Locus standi or the intention of an applicant seeking information under the Right to Information (RTI) Act cannot be questioned, the Bombay High Court ruled on Monday.
“Provisions of the act state that an applicant making request for information shall not be required to give any reason for requesting the information or any other personal details except those that may be necessary for contacting him,” observed a division bench of justices BH Marlapalle and Amjad Syed.
They dismissed a petition filed by the Board of Management of the Bombay Properties of the Indian Institute of Science (IISc) Bangalore, challenging a directive of the Central Information Commission (CIC).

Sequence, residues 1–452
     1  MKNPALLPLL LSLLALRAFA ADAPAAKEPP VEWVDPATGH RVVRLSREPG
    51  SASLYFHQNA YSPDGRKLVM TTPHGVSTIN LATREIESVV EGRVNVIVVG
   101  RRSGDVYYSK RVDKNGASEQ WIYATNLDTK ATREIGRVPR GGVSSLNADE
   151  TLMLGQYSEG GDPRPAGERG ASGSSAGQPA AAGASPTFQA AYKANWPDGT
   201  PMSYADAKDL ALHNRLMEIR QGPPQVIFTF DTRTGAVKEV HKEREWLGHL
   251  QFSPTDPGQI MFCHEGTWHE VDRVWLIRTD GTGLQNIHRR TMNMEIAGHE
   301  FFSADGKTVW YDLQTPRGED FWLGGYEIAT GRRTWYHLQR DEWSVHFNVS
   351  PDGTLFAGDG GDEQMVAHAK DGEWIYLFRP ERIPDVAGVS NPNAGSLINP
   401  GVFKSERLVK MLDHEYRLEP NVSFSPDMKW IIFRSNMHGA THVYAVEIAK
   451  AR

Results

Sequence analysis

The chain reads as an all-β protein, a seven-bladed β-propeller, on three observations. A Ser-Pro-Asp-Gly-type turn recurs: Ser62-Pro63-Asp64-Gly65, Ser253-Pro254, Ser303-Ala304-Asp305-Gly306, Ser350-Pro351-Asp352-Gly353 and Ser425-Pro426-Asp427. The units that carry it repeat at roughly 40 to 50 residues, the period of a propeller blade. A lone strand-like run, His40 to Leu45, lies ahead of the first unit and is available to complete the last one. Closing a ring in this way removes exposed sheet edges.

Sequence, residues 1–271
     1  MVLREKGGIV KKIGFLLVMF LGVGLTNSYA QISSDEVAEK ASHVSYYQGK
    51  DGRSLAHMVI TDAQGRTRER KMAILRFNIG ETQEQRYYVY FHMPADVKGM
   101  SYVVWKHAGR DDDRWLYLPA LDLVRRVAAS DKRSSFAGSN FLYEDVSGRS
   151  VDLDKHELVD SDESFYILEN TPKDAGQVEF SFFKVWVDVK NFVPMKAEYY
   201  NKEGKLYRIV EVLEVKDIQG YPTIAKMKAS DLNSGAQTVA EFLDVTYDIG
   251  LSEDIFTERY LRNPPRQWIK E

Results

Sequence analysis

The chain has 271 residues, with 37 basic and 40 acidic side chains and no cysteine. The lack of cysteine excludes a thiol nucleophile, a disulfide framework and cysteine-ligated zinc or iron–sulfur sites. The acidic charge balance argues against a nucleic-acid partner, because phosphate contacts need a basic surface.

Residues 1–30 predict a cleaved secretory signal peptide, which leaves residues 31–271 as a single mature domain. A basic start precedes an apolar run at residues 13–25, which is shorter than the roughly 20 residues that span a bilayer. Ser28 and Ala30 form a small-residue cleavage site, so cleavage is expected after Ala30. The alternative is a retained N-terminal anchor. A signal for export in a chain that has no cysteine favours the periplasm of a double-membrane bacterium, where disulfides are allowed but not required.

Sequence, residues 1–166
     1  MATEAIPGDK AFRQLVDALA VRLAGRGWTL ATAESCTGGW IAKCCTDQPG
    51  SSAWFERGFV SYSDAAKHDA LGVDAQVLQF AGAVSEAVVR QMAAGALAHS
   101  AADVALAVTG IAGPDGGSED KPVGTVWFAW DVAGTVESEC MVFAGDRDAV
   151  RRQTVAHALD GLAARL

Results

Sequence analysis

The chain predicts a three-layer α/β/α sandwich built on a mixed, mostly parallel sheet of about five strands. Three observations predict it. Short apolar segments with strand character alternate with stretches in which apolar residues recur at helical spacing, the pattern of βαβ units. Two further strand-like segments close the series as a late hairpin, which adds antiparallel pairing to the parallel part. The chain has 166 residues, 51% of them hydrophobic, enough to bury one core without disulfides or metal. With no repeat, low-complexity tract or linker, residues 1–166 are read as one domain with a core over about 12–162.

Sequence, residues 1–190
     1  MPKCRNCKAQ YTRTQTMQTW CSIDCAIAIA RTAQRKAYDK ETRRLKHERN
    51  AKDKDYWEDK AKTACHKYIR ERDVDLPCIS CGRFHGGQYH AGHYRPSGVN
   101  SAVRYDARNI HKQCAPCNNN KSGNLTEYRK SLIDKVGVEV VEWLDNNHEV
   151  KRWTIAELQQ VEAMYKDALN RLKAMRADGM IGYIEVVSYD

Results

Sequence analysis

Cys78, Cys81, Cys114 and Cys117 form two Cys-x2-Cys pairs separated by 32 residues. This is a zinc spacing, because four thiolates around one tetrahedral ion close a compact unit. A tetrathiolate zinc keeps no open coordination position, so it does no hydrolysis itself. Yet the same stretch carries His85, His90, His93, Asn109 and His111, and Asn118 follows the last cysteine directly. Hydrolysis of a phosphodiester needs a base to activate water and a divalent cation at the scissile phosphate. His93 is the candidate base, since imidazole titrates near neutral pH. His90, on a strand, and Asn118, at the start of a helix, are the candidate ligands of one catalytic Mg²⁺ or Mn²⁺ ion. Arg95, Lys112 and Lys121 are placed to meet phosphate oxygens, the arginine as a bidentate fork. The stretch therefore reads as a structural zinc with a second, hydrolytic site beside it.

Acting on a plea filed by Colaba resident Kayumas Mehta, on February 15, 2010, the CIC had held that the board was a public authority and directed it to furnish the information requested by the applicant. Mehta had sought details about three flats in the city, which are owned by IISc Bangalore.
The public information officer of the board and the appellate authority rejected his application, filed in September 2007. Thereafter, Mehta had moved the office of the information commissioner.
Aspi Chinoy, counsel for the board, argued that though IISc Bangalore was public authority, the board could not be held so since the properties under its management were not owned by IISc.
The bench dismissed the petition saying no fault could be found with the CIC’s findings and the directive to furnish the details sought by Mehta.
The CIC had taken into account the fact that three of the four members of the board were government officers, and one was nominated by the Central Government.
It had also taken into consideration the scheme of establishment of the board.